Our lives are constantly being intertwined with the digital world, making cyber security a critical component of daily life. And this is especially true when it comes to protecting the nation’s critical infrastructure, which delivers services that are vital to U.S. security, economic prosperity and the safety and well being of Americans.
The President signed two documents that will strengthen these vital systems, including the electric power grid and oil and natural gas, from cyber attack. The first is a new Executive Order 13636 (EO) that directs the U.S. government to work with U.S. companies to share information on threats, and to assist critical infrastructure owners and operators in the protection of their systems by expanding the Enhanced Cybersecurity Services program. To encourage adoption of cybersecurity standards, the EO directs the National Institute of Standards and Technology to lead the development of a voluntary Cybersecurity Framework of baseline practices to reduce cybersecurity risk. I encourage you to respond to the related request for information, comments are due by April 8. The EO also calls for a review of existing cybersecurity regulation. The Energy Department will work closely with the energy sector stakeholders to review the framework and, if necessary, develop a program that helps companies with adopting and implementing the framework.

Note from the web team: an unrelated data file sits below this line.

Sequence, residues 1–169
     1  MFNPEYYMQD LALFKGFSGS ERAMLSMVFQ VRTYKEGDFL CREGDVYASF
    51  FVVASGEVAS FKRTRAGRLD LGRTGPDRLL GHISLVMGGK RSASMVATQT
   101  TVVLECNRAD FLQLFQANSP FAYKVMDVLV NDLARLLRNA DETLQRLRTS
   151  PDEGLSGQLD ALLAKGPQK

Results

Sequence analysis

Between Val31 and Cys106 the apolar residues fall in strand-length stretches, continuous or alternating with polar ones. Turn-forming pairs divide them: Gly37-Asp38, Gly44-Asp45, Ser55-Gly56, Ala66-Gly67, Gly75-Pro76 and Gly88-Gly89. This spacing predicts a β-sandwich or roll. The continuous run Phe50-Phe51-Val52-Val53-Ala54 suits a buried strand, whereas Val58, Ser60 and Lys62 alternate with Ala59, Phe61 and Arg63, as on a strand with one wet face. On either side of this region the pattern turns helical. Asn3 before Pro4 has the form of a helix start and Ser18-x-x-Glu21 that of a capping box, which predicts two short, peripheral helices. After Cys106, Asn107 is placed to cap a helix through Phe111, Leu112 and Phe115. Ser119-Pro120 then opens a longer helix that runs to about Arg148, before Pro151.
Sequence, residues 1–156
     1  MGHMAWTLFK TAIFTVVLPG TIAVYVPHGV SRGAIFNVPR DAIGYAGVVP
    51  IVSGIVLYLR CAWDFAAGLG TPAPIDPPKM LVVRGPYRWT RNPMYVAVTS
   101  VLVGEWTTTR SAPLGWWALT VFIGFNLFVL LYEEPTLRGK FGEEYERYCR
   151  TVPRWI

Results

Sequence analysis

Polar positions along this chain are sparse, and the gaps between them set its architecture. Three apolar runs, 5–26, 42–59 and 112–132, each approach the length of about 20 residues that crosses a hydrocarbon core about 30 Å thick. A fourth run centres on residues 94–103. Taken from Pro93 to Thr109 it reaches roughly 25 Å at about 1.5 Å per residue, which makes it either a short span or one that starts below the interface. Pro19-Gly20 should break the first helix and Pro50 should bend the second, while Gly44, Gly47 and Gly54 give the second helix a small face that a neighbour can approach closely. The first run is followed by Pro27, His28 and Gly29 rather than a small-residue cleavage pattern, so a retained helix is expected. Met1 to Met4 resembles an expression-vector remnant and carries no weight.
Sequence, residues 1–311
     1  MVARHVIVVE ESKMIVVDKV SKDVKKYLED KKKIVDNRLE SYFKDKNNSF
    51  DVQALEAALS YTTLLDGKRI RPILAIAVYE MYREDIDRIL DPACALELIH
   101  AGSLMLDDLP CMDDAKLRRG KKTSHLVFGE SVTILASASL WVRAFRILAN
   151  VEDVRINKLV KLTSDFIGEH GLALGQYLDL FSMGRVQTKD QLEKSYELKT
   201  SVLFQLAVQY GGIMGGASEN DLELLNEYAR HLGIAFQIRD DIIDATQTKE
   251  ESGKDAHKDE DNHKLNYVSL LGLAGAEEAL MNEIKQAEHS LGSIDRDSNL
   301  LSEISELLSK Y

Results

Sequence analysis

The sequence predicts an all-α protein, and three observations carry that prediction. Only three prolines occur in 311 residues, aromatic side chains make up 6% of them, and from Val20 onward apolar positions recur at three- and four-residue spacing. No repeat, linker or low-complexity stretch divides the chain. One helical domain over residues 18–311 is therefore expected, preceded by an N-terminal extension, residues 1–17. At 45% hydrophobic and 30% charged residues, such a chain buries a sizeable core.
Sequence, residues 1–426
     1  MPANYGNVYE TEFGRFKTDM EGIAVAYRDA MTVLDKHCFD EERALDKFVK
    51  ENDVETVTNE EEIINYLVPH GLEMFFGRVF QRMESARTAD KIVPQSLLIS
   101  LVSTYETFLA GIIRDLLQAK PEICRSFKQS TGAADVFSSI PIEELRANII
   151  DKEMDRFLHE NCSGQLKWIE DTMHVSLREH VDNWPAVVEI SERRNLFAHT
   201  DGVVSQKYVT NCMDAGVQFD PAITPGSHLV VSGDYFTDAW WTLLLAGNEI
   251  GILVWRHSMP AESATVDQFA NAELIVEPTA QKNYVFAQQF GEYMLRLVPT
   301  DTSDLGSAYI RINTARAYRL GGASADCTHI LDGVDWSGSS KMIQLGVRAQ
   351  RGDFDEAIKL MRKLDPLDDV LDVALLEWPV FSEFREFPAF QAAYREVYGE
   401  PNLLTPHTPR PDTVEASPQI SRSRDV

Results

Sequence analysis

The Executive Order was developed in tandem with a new Critical Infrastructure Security and Resilience Presidential Policy Directive (PPD) that is designed to reduce vulnerabilities from all hazards including cyber. This includes minimizing consequences, identifying and disrupting threats, and speeding up response and recovery efforts. The PPD defines three strategic imperatives: refine and clarify Federal roles and responsibilities; improve information sharing; and implement an improved analytical capability that will allow the Federal Government to work more effectively with owners and operators of the critical infrastructure.
As the sector-specific agency (SSA) for energy, DOE has a unique role in protecting and enhancing the nation’s critical energy infrastructure. As the Executive Order and PPD are implemented, the Energy Department will work closely with other federal agencies to review the voluntary cybersecurity framework and, if necessary, develop implementation guidance for the industry.
The Electricity Subsector Cybersecurity Capability Maturity Model (ES-C2M2) is a great example of this partnership. This model allows electric utilities and grid operators to assess their cybersecurity capabilities and prioritize their actions and investments for improvement. The ES-C2M2 model will be provided as input for development of the framework.
As new threats to energy delivery systems continue to evolve, we will remained focused on the continued development of cybersecurity capabilities to protect the reliability and resilience of the critical energy infrastructure.